The earliest written record found is the “Quit Claim” (a transfer of ownership), at the Neath Antiquarian Society and catalogued in the West Glamorgan Archives:
<NAS BG/P 1/9> Quitclaim dated 11 Aug. 1530; (i) William ap Jeuan ap William Thuy to (ii) Thomas ap Jeuan ap William Thuy; Farm called Biettinge alias Llesneny [Llys-nini] in the parish of Llangyfelach.
However, when the quit claim was translated it was found to have been incorrectly dated in the catalogue and should have been 1507 and that it related to 2 different farms Biettinge and Llys Nini.
“William ap Jeuan ap William Thuy”; ap means “son of”. The document was probably written by a non-Welsh speaker who used the Anglicised forms of the names, the Welsh forms would be: Gwilym ap Ieuan ap Gwilym Ddu., and Tomos ap Ieuan ap Gwilym Ddu. As Gwilym ap Ieuan and Tomas ap Ieuan had the same father, they were obviously brothers.
Gwilym Ddu was a major land holder in the area and a descendant of Gruffydd Gŵyr a Lord of Gower in 1217.
Translation of the Llys Nini Quit Claim held at the Neath Antiquarian Society, Neath. Formally dated 1530
Translated by Andrew Dulley Assistant County Archivist City and County of Swansea.
Know all men by these presents that I, Gwilym ap Jeuan ap Gwilym Thuy have remised, released and in every way by me, my hiers and executors forever quitclaimed to Thomas ap Jeuan ap Gwilym Thuy, all my right and claim which I ever had, have or in any wise could have in the futures, of and in two tenements with all their apputenances lying in the parish of Llangevelagh [Llangyfelach] in Gower Supraboscus*, of which one is called Biettinge and the other llesneny, according to their usual ancient metes and boundaries, so neither that I the said Gwilym, nor my hiers, nor any other person, by us or in our name, may have any right, title or claim to the said tow tenements, or sell off part of them separately, claim or sell them, nor should we in the future, but rather keep them from all actions, lawsuits, title, interest or demand, to which purpose we are bound in a penal sum, and I the said Gwilym and my hiers will guarantee and forever defend the said two tenements with all their appurtenances to the said Thomas, his heirs and assigns against all people, in witness thereof I have set my seal to these presents, dated at [illegible; possibly Loughor] the 11th day of August in the twenty second year of the reign of Henry VII (1507)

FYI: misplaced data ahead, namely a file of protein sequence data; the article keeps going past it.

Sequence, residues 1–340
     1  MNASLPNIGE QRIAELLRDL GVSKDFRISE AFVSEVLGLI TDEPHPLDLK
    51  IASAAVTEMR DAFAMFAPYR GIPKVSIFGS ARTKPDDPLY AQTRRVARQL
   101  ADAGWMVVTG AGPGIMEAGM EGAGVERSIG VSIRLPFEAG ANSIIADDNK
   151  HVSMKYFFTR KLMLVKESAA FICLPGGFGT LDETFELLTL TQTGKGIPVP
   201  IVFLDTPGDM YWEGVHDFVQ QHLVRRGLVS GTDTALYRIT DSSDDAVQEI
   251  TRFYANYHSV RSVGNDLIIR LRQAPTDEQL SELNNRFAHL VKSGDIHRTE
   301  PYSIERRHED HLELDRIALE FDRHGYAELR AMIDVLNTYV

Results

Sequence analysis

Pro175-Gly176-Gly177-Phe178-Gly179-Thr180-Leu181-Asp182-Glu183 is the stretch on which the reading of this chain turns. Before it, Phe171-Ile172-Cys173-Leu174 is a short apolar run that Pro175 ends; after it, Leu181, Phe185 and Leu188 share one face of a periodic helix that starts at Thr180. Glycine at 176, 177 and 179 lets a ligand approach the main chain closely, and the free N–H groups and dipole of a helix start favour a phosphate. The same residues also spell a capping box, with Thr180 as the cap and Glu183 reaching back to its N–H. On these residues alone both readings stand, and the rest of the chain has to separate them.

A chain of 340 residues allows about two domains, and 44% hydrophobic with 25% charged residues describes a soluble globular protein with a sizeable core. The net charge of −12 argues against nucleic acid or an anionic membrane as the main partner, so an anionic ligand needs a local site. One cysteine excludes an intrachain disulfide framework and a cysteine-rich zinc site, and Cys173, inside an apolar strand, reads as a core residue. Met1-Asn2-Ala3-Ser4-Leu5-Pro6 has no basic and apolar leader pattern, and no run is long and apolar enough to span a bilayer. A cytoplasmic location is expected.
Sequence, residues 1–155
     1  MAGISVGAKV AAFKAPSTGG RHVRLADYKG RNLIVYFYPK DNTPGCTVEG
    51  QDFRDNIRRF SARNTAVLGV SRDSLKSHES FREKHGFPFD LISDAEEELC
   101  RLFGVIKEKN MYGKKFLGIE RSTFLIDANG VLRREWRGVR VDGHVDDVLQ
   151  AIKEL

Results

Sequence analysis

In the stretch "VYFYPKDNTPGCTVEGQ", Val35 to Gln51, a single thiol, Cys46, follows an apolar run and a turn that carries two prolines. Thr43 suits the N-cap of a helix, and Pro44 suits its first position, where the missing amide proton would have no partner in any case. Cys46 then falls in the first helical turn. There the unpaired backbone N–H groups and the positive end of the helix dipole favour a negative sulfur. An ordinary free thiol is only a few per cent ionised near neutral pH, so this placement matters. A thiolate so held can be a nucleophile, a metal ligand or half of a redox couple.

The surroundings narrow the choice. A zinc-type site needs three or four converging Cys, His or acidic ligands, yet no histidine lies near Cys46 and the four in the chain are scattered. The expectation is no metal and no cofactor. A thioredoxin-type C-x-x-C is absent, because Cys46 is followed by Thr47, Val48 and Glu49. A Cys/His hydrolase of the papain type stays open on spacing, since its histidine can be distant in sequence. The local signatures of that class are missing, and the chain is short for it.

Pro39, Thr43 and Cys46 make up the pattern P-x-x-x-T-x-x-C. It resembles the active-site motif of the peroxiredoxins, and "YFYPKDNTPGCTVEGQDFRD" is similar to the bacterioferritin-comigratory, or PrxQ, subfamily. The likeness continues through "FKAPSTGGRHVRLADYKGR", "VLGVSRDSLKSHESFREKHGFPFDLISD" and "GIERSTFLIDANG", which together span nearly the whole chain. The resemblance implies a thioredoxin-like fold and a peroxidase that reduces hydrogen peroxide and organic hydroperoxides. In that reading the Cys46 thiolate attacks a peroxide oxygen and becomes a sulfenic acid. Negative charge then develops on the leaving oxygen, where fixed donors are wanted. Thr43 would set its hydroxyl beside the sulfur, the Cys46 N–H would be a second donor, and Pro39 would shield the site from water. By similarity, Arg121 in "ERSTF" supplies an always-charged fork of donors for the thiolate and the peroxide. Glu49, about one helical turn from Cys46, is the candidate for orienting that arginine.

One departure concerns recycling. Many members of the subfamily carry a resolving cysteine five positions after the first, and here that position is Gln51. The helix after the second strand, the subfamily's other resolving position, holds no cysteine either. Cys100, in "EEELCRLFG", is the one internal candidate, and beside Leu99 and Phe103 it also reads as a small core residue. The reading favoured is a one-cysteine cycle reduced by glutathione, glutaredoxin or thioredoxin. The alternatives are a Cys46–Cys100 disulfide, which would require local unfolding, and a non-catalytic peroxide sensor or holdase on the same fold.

The document indicates that by 1507 Llys Nini already had “ancient boundaries” and that there was at least one dwelling or “tenement” on the property and that the property was probably rented. Appurtenance in property terms is a minor right, interest or privilege which is transferred with the title to the principal property. (C14th from Anglo French) and this suggests that Llys Nini was a principal or important property.
The quit claim mentions a second property “Biettinge”. There are a small number of farms bearing this name in the Llangyfelach area. The much respected academic and place-name expert Gwynedd O. Pierce believes that the name Llys Nini is a much older name than ‘Biettinge’. This would indicate that the “ancient boundaries” of the quit claim probably refer to Llys Nini and not Biettinge.
The document is probably refering to a building which predated the old farm house that survived until the 1990s, which was probably C17th or post medieval and was therefore built after the earlier Tudor “tenement” mentioned in the document.
Under old Welsh Law – the Laws of Hwyel Dda, property was inherited by all the sons in equal shares and not just by the eldest as in English Law. That William and Thomas both inherited the land from Jeuan could be a co-incidence or could be due to that Welsh custom. Although there was certainly a strong Anglo-Norman influence in the area by 1507, it was before the Acts of Unions in 1535 and 1542 and The Law of Hwyel Dda was still strong in North Gower.
It is entirely possible that after the brothers Thomas and William exchanged their parcels of land, that Thomas may have either done an additional land exchange with another brother David or left or sold Llys Nini to David’s son or grandson, as Llys Nini is passed down David’s line and not Thomas’